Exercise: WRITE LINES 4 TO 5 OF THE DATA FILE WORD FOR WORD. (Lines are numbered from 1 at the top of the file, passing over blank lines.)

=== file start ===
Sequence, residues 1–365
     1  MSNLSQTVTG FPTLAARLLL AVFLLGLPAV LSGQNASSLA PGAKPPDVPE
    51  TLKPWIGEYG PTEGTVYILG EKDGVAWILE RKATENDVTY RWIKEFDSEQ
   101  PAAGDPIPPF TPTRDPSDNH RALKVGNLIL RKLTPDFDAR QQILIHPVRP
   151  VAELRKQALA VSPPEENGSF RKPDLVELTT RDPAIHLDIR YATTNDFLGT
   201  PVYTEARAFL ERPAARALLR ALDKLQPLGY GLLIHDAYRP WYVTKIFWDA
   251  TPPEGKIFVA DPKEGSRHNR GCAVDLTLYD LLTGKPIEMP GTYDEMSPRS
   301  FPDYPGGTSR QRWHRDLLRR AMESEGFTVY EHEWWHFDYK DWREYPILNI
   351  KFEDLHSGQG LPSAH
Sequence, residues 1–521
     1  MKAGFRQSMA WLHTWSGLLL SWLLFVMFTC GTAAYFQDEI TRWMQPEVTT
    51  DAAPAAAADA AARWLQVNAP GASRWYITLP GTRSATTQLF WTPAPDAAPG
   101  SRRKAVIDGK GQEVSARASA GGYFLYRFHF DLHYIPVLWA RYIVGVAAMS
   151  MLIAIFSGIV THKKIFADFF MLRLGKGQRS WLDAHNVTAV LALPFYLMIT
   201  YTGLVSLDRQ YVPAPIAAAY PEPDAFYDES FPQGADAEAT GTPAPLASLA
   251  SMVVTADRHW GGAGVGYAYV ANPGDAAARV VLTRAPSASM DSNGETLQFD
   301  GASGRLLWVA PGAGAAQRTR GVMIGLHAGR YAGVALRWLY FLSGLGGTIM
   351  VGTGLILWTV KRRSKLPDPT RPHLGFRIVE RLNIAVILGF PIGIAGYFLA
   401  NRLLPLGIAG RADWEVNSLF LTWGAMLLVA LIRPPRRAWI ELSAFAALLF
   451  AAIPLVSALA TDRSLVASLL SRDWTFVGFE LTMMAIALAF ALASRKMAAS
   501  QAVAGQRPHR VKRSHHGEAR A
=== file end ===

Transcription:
   101  PAAGDPIPPF TPTRDPSDNH RALKVGNLIL RKLTPDFDAR QQILIHPVRP
   151  VAELRKQALA VSPPEENGSF RKPDLVELTT RDPAIHLDIR YATTNDFLGT